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Funding boost helps Peak District trails blossom with wildflowers

This is an archived press release

Monday 14 May 2012

Cowslips on the Tissington TrailThe banks of the Tissington and High Peak trails in the Peak District National Park are blooming with wildflowers thanks to help from SITA Trust.
 
A grant of £25,000 last year enabled the Peak District National Park Authority, which owns the trails, to introduce sheep grazing on cuttings at Fenny Bentley and Parsley Hay. The sheep kept down thick grass and brambles beside the former railway lines, which allowed wild flowers to flourish.
 
The grant also enabled an ecological survey of the whole 13-mile Tissington Trail (Ashbourne to Parsley Hay) and 10 miles of the 17-mile High Peak Trail (Buxton to Cromford).
 
Its findings led to a further £55,000 SITA Trust grant this year to run a “cut and collect” machine that mows grass along the banks and harvests wildflower seeds for sowing elsewhere along the trails.
 
Native species such as cowslips, ox eye daisy, common spotted and greater butterfly orchids, meadowsweet and field scabious are already adding colour to the White Peak scenery and providing habitats for insects and birds.
 
National park ecologist Rebekah Newman said: “The trails are a really important part of the ecological network in the White Peak, and there’s no doubt that without SITA Trust we would not have been able to do this work.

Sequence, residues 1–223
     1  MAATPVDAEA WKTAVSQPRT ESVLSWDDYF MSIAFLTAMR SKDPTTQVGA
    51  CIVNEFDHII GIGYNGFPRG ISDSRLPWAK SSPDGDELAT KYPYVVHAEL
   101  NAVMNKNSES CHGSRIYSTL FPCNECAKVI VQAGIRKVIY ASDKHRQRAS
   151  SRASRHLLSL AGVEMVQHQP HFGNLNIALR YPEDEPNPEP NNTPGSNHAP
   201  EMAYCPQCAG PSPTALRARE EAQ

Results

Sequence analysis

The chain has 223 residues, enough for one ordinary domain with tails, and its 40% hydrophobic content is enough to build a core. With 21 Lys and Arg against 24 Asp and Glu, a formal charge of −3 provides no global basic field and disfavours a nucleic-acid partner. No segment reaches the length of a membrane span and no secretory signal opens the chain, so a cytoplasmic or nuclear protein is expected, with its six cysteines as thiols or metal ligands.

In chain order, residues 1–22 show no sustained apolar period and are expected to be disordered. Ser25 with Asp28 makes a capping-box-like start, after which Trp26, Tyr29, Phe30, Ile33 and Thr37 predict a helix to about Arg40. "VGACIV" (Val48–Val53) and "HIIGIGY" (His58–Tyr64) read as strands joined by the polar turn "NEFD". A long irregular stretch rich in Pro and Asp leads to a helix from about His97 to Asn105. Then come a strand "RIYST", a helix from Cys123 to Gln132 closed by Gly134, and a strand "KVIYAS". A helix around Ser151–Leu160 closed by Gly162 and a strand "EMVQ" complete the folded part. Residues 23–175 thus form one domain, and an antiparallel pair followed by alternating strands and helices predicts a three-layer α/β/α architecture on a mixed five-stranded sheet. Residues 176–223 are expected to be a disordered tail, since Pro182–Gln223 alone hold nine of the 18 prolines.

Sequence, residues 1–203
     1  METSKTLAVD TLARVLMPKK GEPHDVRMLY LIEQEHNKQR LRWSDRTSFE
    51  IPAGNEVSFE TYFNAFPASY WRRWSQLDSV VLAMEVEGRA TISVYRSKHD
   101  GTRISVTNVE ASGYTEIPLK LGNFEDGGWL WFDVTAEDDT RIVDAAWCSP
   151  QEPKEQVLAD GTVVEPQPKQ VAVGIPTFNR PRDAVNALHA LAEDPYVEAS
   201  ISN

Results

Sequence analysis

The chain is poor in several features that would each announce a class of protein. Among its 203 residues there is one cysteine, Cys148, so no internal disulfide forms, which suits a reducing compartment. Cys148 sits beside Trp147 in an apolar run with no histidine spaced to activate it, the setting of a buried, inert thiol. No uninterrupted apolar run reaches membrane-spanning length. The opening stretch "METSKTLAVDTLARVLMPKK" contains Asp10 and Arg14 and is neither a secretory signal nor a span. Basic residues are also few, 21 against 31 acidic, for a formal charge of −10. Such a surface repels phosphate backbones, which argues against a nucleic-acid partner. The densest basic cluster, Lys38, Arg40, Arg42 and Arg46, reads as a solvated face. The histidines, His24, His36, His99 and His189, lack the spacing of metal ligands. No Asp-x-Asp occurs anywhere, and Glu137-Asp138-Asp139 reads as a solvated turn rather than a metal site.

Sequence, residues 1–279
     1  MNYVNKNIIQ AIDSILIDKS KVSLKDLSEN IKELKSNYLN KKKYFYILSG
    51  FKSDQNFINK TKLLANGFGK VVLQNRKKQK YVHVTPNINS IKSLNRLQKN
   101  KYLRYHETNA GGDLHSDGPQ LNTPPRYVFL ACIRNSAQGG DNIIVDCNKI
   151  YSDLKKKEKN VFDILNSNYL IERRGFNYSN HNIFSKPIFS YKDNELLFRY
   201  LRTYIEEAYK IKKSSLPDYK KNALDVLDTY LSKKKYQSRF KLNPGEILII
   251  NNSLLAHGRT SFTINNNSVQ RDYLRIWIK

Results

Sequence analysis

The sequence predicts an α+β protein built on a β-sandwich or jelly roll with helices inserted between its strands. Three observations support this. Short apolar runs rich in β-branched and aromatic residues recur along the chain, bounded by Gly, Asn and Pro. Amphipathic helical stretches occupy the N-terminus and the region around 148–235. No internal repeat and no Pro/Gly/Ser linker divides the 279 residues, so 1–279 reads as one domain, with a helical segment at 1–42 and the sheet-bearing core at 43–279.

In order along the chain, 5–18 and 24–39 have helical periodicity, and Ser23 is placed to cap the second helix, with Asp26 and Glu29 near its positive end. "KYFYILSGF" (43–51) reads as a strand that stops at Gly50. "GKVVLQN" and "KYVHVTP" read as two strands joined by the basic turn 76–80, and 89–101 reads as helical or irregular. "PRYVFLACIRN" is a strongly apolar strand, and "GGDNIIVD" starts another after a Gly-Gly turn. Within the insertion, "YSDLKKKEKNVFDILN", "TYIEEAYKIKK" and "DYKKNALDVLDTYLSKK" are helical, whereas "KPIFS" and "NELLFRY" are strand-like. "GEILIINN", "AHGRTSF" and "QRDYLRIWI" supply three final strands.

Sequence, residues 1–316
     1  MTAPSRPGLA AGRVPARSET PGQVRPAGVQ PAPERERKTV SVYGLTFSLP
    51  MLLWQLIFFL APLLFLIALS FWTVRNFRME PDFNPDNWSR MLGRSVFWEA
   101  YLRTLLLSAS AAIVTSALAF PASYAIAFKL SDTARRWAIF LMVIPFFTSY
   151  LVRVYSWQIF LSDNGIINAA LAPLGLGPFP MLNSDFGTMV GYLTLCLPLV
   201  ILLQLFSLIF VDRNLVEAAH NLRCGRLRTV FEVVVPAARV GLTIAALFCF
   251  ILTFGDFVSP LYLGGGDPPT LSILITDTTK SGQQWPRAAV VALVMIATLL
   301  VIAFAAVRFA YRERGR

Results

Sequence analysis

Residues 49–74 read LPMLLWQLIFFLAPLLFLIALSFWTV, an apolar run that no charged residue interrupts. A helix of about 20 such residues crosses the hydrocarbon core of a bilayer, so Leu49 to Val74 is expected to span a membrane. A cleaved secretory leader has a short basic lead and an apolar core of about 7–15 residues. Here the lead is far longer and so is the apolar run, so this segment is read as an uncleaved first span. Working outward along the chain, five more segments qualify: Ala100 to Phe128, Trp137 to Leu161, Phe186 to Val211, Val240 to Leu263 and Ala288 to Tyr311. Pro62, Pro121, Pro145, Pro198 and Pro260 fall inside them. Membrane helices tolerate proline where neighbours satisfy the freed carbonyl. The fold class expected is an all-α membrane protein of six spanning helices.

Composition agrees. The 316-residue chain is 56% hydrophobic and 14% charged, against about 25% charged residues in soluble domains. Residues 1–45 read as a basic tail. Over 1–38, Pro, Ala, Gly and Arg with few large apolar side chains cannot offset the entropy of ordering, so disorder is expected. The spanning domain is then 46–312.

“Wild flowers are able to flourish in a way that’s rarely seen in fields any more, and the trails connect a series of wildlife sites together so that all kinds of species have more opportunities to breed.”
 
Jools Granville of SITA Trust said: “We’re delighted to see the ongoing benefits of our funding in the Peak District National Park and hope that the many visitors to this incredible trail, both human and animal, enjoy this amazing British landscape.”
 
Further improvements are on the way for all four of the National Park Authority’s trails in the shape of a new five-year Management Plan, incorporating feedback from user-groups and the public.
 
Property manager for the trails, Abi Ball, said: “This funding from the SITA Trust is a vital element of the way we are improving the trails over the next five years. This is the first time we’ve been able to manage these important grassland habitats in such a large-scale way.”
 
SITA Trust provides funding through the Landfill Communities Fund. Funding is available for projects that enhance communities and enrich nature.
 

This is an archived press release

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